USA v. Peters
RECOMMENDED FOR FULL-TEXT PUBLICATION Pursuant to Sixth Circuit Rule 206 File Name: 08a0024p.06
UNITED STATES COURT OF APPEALS
FOR THE SIXTH CIRCUIT _________________ X Plaintiff-Appellee, No. 05-6101 v. > , FREDDIE L. PETERS, Defendant-Appellant. N Appeal from the United States District Court for the Western District of Tennessee at Memphis. No. 02-20027--J. Daniel Breen, District Judge. Submitted: October 23, 2007 Decided and Filed: January 14, 2008 Before: MERRITT and CLAY, Circuit Judges; COX, District Judge.* _________________ COUNSEL ON BRIEF: Kemper B. Durand, THOMASON, HENDRIX, HARVEY, JOHNSON & MITCHELL, Memphis, Tennessee, for Appellant. Linda Nettles Harris, ASSISTANT UNITED STATES ATTORNEY, Memphis, Tennessee, for Appellee. _________________ OPINION _________________ MERRITT, Circuit Judge. On January 31, 2002, a Federal Grand Jury in the Western District of Tennessee returned a 22-count indictment against Freddie Peters. The indictment charged Peters with making, and causing to be made and presented, false claims to the Internal Revenue Service in violation of 18 U.S.C. § 287, and unlawfully disclosing, using, and compelling the disclosure of Social Security account numbers of other persons in violation of 18 U.S.C. § 2 and 42 U.S.C. § 408(a)(8). His trial began on August 12, 2002, before Judge Julia Gibbons in the Western District of Tennessee. At trial, the government produced evidence that Peters had executed a tax fraud scheme wherein he recruited African immigrants to file false income returns listing foster children as dependents. In fact, the taxpayers had no relationship with the children; rather, Peters had acquired
The Honorable Sean F. Cox, United States District Judge for the Eastern District of Michigan, sitting by designation.
UNITED STATES OF AMERICA,
United States v. Peters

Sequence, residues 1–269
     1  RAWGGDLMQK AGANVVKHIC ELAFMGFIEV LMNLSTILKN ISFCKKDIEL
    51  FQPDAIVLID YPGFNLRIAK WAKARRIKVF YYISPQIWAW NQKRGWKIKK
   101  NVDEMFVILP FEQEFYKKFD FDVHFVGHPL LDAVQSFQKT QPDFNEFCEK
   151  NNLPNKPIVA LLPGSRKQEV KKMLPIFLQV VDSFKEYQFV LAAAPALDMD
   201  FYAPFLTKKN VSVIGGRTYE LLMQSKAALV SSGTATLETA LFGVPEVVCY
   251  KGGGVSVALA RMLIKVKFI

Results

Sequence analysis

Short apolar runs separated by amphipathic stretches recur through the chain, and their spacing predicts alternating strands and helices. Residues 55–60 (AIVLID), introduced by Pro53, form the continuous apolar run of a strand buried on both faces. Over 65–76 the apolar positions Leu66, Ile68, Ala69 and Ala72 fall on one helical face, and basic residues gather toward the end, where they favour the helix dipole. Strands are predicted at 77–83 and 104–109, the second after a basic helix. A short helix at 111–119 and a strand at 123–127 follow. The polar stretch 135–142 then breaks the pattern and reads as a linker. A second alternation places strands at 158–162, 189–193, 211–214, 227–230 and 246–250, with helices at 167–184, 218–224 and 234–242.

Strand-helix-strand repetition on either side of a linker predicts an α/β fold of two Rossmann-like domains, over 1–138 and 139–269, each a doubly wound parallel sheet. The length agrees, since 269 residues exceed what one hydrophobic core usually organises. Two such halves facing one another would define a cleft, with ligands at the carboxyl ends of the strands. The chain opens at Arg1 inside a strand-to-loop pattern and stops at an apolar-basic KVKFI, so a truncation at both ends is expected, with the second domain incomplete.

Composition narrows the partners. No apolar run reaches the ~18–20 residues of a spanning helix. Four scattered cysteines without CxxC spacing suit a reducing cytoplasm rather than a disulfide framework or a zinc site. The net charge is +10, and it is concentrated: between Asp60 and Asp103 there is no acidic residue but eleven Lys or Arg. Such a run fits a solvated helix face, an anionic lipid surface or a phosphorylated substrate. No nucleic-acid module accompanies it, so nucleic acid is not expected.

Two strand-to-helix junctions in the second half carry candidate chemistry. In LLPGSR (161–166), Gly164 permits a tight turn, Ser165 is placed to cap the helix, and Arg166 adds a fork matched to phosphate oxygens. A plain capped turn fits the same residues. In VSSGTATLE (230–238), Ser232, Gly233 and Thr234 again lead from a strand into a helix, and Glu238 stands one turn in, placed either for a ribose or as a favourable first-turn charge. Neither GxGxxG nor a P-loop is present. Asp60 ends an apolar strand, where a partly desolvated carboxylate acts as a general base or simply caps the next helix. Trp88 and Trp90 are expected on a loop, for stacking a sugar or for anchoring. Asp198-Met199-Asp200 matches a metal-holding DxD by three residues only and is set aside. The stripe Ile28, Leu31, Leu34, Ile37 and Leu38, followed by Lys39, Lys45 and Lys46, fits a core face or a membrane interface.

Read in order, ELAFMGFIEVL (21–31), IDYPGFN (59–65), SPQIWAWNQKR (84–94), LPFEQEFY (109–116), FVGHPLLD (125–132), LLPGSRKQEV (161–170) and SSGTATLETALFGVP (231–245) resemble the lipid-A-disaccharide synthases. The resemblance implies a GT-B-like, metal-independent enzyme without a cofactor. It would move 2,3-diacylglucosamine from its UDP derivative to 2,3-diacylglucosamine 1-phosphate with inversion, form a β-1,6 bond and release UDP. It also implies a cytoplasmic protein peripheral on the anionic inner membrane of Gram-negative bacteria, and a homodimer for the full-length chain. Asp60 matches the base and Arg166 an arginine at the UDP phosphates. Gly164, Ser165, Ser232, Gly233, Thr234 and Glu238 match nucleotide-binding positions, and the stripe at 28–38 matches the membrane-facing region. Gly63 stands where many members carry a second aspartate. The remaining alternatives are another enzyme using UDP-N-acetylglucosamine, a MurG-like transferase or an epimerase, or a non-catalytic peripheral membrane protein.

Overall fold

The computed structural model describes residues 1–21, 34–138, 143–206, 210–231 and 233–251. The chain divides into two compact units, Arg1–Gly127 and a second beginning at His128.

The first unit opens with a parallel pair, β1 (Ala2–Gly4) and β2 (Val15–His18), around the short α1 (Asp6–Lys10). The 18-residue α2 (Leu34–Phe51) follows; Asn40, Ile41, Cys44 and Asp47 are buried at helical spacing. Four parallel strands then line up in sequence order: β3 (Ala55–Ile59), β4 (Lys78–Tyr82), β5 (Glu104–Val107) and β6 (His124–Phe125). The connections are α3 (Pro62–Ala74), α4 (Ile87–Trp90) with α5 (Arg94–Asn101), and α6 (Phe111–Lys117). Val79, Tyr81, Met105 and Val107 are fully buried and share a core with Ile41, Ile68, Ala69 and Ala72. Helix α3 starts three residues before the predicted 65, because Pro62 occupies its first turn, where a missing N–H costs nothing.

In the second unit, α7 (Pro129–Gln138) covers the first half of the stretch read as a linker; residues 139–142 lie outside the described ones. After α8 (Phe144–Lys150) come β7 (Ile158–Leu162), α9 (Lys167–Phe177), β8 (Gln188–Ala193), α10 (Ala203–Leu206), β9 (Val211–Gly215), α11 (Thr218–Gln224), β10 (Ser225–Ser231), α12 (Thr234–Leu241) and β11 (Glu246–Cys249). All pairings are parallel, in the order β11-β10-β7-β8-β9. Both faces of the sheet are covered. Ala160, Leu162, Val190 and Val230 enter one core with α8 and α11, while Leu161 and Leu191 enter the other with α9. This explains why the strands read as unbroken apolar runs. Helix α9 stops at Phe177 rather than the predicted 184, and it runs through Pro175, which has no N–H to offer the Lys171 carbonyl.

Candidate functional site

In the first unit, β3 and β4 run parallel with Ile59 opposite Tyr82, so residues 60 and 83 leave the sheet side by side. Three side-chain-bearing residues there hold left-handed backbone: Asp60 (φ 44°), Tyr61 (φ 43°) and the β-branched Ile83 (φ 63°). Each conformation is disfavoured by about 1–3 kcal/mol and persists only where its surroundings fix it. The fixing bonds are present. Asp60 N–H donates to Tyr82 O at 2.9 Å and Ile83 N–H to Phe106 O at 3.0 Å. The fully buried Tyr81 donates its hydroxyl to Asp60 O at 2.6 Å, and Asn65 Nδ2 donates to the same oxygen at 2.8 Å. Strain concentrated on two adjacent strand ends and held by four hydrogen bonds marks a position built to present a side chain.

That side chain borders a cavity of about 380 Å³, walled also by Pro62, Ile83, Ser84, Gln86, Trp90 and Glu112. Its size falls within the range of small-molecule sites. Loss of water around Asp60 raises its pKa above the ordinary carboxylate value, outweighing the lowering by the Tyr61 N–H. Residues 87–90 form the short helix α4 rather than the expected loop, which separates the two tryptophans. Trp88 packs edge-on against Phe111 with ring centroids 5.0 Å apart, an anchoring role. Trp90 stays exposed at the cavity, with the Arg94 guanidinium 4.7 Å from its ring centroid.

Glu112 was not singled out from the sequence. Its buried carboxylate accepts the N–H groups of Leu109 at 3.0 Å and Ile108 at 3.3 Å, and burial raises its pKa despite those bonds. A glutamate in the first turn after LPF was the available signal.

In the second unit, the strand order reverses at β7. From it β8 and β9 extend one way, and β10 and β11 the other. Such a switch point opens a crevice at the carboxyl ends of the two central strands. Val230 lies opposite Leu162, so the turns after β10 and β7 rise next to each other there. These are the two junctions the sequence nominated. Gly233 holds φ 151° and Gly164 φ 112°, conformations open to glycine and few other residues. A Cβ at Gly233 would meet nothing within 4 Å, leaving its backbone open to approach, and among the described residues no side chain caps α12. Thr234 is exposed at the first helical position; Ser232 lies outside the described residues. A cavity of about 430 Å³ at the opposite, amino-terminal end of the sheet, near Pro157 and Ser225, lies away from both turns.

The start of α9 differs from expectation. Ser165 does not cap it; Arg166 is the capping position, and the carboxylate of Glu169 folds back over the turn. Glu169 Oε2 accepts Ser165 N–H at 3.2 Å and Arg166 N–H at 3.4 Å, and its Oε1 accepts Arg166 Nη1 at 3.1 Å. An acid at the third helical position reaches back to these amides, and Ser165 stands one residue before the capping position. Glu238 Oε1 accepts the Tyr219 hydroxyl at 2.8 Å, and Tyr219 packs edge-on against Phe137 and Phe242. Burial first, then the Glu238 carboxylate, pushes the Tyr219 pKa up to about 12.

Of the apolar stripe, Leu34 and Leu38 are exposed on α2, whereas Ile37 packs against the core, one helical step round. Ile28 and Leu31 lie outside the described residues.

Social Security numbers and other information for the children by paying the children's mothers $100 per child. Peters then provided this information to the immigrants filing the fraudulent tax returns for a fee of $200. The jury found Peters guilty on all 22 counts of the indictment and Judge Gibbons sentenced him to 71 months (60 months for the false claims counts and 11 months for the fraudulent use of Social Security numbers) in prison followed by three years of supervised release. The sentence reflected four enhancements found by Judge Gibbons. Peters appealed his conviction, challenging both the calculation of the sentence and the sufficiency of the evidence. The Sixth Circuit affirmed the conviction and sentence. United States v. Peters, 98 Fed. Appx. 449 (6th Cir. 2004). The Supreme Court granted the writ, vacated the judgment of the Sixth Circuit, and remanded the case for further consideration in light of United States v. Booker, 543 U.S. 220 (2005). The Sixth Circuit, in turn, remanded to the District Court for re-sentencing, where Peters received a new sentence of 57 months. The new 57-month sentence included three enhancements based on facts found by the judge: (1) a four-point enhancement for Peters' organizational role, (2) a two-point enhancement for obstruction of justice, and (3) a sixpoint enhancement because the losses exceeded $30,000. Peters again appeals his case, arguing both that his new sentence continues to violate the Sixth Amendment's prohibition of judicial fact-finding and that the sentence fails reasonableness review under 18 U.S.C. § 3553(a). Peters requested that the sentencing judge impose a "time-served" sentence by presenting a document called "Statement of Reasons" that set out a number of mitigating factors, including the abandonment and many other adversities he suffered as a child, his new family ties and responsibilities as a result of his engagement to be married and other mitigating factors. Besides a cursory statement acknowledging Peters' arguments, the District Court did not address the defendant's "time-served" argument or the mitigating factors indicating that a "timeserved" sentence would satisfy the so-called "parsimony provision" of 18 U.S.C. § 3553(a) requiring a "sentence sufficient but not greater than necessary" to comply with the purposes of sentencing outlined in the statute. The failure of the District Court to address Peters' "time-served" argument does not satisfy the "procedural reasonableness" requirement outlined in Section III of Justice Breyer's majority opinion in Rita v. United States, 127 S. Ct. 2456, 2468-69 (2007). When the defendant or prosecutor "presents nonfrivolous reasons for imposing a different sentence," such as the statement of reasons submitted by Peters, a sentencing judge should address the "parties' arguments" and "explain why he has rejected those arguments." Id. at 2468. That did not happen in our case. See United States v. Thomas, 498 F.3d 336, 341 (6th Cir. 2007) (vacating and remanding the district court's sentence because the factors raised by the defendant "went unmentioned and unaddressed, save the general statement by the district court that it had received, read, and understood the sentencing memorandum"). Accordingly, for these reasons, the judgment of the District Court sentencing the defendant to 57 months is reversed, and the case is remanded for re-sentencing.
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